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Suffolk Downs in East Boston is considered one of the best bets to win a casino license under gambling legislation on Beacon Hill. And the thoroughbred racetrack is one step closer after the House voted Wednesday to authorize two resort-style casinos in the state.
The 75-year-old track is partnering with Wonderland Greyhound Park in Revere to compete for the rights to build one of the casinos. Both tracks also stand to gain from House Speaker Robert DeLeo's plan to allow slot machines at all of the state's four racetracks.
For Suffolk Downs, the success or failure of the gambling bill could determine the fate of the track. Its racing operation hasn't turned a profit since 2001 and on-site wagering has dropped 34 percent over the last five years.
Video: Seabiscuit at Suffolk Downs
Standing on the cavernous first floor of the grandstand, well past its heyday, Tuttle looks around and imagines what a visitor to the track might see if the gambling legislation goes through and Suffolk Downs wins a casino license.
"This grandstand that we're standing in could have a gaming floor, could have table games," Tuttle says. "You know, you could be standing right now in what would be a small entertainment venue or a food court or a high-end restaurant."
In making the case for Suffolk Downs, Tuttle points out that the track has already been a gambling destination since 1935, so much of the needed infrastructure is in place.
"We have occupancy permits here for 38,000 people," he says. "Unfortunately for us, we don't get those kinds of crowds anymore. Those were the crowds that were here in the 1930s and the 1940s when Seabiscuit ran here."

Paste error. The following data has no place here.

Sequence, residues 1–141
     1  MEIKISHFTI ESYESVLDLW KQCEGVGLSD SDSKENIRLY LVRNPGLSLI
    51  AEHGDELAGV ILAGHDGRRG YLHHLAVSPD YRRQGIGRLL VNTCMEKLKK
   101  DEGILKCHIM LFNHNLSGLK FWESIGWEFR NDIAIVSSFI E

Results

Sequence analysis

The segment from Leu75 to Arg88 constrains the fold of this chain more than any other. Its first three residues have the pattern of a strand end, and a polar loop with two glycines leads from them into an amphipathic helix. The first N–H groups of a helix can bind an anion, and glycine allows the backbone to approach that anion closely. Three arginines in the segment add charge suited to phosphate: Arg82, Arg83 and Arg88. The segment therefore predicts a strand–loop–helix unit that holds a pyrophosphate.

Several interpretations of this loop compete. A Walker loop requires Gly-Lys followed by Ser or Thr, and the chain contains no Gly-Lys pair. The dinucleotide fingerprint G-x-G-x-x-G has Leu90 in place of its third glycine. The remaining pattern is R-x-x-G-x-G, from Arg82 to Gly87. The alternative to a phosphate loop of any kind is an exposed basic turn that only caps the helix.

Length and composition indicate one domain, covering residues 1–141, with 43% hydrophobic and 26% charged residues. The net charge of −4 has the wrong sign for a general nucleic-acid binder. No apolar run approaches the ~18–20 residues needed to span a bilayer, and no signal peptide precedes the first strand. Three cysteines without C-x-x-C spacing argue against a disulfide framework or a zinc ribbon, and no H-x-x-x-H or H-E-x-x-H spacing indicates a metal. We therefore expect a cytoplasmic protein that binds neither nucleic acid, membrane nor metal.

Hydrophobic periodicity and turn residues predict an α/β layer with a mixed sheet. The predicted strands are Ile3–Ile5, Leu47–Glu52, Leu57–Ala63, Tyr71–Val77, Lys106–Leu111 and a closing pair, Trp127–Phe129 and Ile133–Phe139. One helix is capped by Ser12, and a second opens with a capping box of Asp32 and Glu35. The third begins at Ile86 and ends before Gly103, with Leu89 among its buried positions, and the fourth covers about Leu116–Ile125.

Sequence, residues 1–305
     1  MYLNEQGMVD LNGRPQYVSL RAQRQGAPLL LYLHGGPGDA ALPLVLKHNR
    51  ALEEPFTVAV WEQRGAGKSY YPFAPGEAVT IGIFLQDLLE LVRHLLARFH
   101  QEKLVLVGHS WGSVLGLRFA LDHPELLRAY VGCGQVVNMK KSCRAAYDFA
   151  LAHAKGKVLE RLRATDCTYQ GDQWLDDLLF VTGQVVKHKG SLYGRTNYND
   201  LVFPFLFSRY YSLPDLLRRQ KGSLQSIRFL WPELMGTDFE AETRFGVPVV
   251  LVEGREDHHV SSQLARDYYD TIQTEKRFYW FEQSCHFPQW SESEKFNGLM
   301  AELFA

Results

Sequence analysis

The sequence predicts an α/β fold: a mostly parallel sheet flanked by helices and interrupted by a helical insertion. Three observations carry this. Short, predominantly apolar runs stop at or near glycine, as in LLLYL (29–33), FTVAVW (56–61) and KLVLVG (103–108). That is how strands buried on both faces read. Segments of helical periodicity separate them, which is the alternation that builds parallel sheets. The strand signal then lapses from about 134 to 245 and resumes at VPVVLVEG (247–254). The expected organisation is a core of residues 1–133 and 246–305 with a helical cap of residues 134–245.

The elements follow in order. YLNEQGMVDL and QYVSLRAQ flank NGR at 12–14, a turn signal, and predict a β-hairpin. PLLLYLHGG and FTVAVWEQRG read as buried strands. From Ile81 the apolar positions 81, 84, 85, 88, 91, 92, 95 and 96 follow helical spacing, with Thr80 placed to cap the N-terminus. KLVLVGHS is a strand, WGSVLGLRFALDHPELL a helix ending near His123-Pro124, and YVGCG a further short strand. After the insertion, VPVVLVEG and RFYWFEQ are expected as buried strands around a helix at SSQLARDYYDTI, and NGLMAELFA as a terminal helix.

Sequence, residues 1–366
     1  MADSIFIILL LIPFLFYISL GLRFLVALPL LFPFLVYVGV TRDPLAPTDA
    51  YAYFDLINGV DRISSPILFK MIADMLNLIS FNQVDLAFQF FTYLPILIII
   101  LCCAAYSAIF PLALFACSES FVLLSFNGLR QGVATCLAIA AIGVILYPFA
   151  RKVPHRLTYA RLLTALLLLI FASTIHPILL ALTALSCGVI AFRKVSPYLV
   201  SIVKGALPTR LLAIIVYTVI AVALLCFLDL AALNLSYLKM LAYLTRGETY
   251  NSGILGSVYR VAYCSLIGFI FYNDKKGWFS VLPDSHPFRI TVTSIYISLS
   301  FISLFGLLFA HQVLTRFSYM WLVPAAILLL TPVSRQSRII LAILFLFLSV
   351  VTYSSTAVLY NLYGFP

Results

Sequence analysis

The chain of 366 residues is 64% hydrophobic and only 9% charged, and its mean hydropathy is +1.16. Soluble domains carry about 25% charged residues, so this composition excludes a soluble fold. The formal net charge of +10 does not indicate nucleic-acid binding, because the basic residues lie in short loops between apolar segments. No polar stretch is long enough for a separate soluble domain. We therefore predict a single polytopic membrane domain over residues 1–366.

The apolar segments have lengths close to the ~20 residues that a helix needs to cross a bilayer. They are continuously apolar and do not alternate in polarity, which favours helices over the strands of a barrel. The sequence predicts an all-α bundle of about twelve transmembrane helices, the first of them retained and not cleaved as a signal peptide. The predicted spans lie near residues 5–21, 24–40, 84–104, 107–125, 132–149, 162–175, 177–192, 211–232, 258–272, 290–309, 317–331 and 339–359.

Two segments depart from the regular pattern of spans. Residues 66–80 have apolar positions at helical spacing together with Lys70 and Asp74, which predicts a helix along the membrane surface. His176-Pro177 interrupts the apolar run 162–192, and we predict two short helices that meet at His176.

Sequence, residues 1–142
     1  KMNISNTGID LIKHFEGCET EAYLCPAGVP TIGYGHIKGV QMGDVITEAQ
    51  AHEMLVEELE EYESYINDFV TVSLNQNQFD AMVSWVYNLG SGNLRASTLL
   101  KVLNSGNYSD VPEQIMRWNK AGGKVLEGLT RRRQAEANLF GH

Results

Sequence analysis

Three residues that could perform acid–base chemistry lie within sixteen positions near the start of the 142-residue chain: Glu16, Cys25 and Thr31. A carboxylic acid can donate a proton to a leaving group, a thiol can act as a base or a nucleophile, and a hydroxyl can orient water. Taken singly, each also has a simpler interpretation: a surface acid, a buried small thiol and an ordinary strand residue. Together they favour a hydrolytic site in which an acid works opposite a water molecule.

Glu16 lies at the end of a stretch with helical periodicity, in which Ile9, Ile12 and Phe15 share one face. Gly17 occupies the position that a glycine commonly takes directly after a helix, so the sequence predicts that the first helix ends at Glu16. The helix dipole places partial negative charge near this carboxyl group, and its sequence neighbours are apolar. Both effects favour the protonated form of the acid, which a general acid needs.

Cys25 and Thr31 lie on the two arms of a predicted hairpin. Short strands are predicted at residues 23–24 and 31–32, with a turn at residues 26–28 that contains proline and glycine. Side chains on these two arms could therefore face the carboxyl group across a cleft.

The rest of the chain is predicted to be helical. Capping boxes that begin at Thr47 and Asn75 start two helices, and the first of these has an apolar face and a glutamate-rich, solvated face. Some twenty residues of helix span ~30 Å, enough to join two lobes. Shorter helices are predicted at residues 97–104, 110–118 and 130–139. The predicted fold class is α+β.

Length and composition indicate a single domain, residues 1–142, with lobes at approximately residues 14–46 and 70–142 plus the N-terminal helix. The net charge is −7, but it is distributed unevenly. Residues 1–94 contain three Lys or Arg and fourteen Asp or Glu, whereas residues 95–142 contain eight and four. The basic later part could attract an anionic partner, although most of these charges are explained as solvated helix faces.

"We have this building," he goes on, "the buildings on the grounds are about 800,000 square feet, on 163 acres with 5,500 surface parking spaces — you know, we're already in the gambling business."
DeLeo, Senate President Therese Murray and Gov. Deval Patrick have all said that they support casino gambling as an economic stimulus and source of jobs. Tuttle says Suffolk Downs could add 2,000 to 3,000 new employees to its current staff of about 1,000 during the live racing season.
"That's a considerable value for us, but also the surrounding towns," Tuttle says. "East Boston, Revere, Everett, Lynn, Malden — what the speaker refers to as the 'blue-collar depression.'"
Tuttle says the casino would also be good for tourism in Boston.
As for the thoroughbred racing, Tuttle says he's not worried that a casino and the new crowd it brings in will take away from the track's long tradition.
"There's a lot of history here, there's a lot of legacy," he says. "Our responsibility is to do this in a way that integrates horse racing and gaming in a way that hasn't been done before. That's really the vision for the property and the vision for development here."
This program aired on April 15, 2010.
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